You will get an understanding of the realities of starting your own business, meet other students interested in starting up, network with fellow entrepreneurs and business people, attend workshops, get advice, and hear about other support and opportunities for budding entrepreneurs in Dunedin, New Zealand and internationally.

You will develop fantastic new skills, meet new people, it looks great on your CV and you’ll be in to win money and prizes to get your business off the ground. Last year, competitors shared in a jackpot of $40,000 in cash, services and other prizes to help them start-up – what have you got to lose?

How does it work?
Those entering the Audacious competition are required to submit a business idea, a detailed business plan and pitch their idea to the Dragon’s Den. Check out the Programme page for further details. Throughout the competition, students attend a range of start-up workshops and have access to a Business Coach for one-on-one advice.

Who is it for?
Audacious is for students of all disciplines at the University of Otago and Otago Polytechnic – not just business students.

No matter what you study, if you are creative, energetic and keen to expand your horizons – Audacious could be perfect for you. If you are worried you lack business skills, or any other skills, we will do our very best to help you find team-mates with the skills you need.

Individual entrants must be current University of Otago or Otago Polytechnic students. If you are entering as a team, at least one member of your team must be a current student and that person must be your nominated main contact when submitting your ideas.

But you don’t even have to enter the competition, if you are thinking of starting up, you’re welcome to join the community – attend Audacious events, hang out in the Audacious space, speak to our Business Coach or simply ask for help!

To organise the wide range of ideas submitted every year, and to compare apples with apples, Audacious is split into five categories. In your Round One submission you will be required to nominate the category in which you think your idea fits, but they become more important in Round Two. As you can see, any idea can be a winner!


Don’t play safe, think long term. Bold ideas that are relatively untested and may have a long development phase, but could find worldwide success.


Get out there and make it happen. Ideas that are relatively straight forward, low risk and easy to bring to market.


Look after people and planet. Ideas that benefit society – for social entrepreneurs, not-for-profits, sustainable ventures and the like.


Think outside the box. Ideas that are innovative in the design or marketing that is leading edge and provides a competitive advantage.


Ehara taku toa i te toa takitahi; engari, he toa takitini; our achievements are a collective endeavour, not a solitary effort. For Maori students and those with a Maori-focused business idea.

Read the Audacious Challenge rules 2014. Competitors must agree to these rules in the submission process. Entries can be submitted via the Challenge section of this website. Any questions regarding these rules should be directed to [email protected].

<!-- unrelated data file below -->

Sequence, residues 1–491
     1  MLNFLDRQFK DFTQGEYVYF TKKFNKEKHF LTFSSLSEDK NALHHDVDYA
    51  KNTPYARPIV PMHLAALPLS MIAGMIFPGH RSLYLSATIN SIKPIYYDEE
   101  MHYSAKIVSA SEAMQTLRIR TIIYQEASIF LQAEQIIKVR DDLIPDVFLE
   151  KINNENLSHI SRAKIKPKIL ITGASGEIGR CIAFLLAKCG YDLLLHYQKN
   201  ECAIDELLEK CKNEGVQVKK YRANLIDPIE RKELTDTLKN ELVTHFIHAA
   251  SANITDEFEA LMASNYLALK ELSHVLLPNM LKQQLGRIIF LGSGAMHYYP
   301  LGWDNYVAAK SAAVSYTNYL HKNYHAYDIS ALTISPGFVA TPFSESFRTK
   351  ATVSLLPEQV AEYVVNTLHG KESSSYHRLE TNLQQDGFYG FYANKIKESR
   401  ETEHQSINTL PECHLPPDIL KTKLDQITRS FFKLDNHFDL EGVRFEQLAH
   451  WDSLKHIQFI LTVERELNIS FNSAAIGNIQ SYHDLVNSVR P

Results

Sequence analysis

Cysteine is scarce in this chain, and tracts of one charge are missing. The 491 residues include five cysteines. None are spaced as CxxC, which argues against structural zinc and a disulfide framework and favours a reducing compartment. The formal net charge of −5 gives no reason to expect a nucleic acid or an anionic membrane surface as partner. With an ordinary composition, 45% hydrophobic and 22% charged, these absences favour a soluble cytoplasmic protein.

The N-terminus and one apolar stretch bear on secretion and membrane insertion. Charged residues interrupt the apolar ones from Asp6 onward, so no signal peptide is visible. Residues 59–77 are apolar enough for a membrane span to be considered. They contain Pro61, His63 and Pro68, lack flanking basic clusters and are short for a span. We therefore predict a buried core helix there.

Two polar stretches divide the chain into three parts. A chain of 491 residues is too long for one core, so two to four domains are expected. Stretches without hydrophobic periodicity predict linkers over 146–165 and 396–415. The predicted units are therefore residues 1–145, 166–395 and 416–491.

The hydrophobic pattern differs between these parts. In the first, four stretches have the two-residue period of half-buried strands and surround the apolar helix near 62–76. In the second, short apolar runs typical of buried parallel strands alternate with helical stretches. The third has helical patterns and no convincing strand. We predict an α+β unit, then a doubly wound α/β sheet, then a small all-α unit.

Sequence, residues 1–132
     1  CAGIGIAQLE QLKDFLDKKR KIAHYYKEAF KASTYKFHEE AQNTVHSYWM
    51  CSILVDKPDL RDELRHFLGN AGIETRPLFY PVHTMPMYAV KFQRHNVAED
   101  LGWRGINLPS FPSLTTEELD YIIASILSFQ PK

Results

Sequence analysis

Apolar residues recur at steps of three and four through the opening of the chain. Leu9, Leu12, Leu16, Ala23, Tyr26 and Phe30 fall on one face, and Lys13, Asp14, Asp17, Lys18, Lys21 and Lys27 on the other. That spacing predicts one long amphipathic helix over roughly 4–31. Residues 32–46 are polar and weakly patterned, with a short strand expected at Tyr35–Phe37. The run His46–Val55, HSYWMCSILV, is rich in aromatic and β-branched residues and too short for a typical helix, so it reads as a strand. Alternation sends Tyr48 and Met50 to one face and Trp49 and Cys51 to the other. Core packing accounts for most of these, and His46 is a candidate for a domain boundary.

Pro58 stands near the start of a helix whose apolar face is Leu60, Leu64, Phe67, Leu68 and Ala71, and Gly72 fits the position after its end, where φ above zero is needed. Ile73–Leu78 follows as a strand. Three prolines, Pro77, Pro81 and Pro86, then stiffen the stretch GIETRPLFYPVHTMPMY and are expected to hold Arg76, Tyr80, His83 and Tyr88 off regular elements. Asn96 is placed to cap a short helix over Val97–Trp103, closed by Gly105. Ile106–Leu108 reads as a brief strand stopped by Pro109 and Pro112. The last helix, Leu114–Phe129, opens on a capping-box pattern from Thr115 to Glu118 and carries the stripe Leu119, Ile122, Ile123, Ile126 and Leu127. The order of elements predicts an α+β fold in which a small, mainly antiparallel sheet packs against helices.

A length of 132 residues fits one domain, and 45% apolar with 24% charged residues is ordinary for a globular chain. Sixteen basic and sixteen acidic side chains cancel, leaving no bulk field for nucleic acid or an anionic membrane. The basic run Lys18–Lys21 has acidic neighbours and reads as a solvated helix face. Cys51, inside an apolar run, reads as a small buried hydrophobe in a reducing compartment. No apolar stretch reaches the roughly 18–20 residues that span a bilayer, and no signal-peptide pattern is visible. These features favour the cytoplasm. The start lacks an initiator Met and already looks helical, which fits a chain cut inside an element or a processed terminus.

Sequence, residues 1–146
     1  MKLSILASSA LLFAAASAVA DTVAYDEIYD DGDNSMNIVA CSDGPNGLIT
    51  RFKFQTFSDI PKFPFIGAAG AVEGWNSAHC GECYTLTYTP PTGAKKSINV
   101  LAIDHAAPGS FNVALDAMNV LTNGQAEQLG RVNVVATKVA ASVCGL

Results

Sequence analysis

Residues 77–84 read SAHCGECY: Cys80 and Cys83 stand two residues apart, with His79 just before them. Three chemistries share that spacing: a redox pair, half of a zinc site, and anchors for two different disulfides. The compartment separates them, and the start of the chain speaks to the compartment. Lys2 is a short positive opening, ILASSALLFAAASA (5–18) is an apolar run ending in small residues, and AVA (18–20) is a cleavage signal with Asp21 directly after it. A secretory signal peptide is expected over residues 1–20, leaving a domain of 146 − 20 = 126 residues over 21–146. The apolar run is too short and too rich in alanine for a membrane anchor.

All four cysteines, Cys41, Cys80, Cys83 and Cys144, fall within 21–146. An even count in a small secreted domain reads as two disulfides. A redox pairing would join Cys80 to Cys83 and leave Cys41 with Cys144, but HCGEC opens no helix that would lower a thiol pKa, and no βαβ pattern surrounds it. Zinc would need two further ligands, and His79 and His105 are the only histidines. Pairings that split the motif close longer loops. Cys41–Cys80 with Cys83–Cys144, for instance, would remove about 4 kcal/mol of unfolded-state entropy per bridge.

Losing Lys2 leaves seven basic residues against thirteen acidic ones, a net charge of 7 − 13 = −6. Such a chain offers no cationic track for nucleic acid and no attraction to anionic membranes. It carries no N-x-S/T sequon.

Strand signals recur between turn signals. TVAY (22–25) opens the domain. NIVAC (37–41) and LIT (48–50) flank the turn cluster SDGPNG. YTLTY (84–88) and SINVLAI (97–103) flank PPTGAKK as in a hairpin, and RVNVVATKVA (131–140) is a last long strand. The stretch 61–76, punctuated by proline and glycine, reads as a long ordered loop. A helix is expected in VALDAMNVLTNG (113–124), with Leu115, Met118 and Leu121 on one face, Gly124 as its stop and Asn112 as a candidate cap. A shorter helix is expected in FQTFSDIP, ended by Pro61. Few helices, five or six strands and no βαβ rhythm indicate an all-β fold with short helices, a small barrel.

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Audacious > Blog

Posted by kari.petroschmidt

There are many reasons why you might want to start a company. People talk a lot about “push and pull” factors. Push factors being anything that forces you to start up (like being fired from a previous job) and pull factors (like the desire to earn more than you are currently being paid). I want to talk about two primary pull factors of entrepreneurship; the desire to do your own thing and the desire to make as much money as possible.

There is no one correct reason for going into business and often people will be motivated by a variety of factors. But of course it depends on who you ask. New Zealand Trade and Enterprise for instance would like people to make as much money and grow as big as possible, preferably exporting as well. This makes sense, as bringing money into the country benefits the national economy, which in turn benefits everyone. On the other hand, not- for-profit organisations like The Malcam Trust are more concerned with people starting socially conscious businesses than they are about making as much money as possible, which is an equally valid stance.

From a “likelihood of success” point of view, I’d have to say that starting up to score big is probably going to help you more than being overly attached to a specific product or service that you want to provide because you love it, regardless of what the market looks like. However, you could argue that being ultra passionate about your business is more important because of the motivation you have to have to actually succeed in business.

I guess the point of this article is that regardless of why you chose to start your business, you should consider looking at it from the other perspective. If you are just trying to make as much money as possible, consider at least going into a industry that you enjoy, especially as you’ll never know for certain how much money it’s going to make you. Likewise, if you are just trying to do whatever you’re passionate about, be realistic. If there is no real market for it, consider adapting the idea to better meet market demands.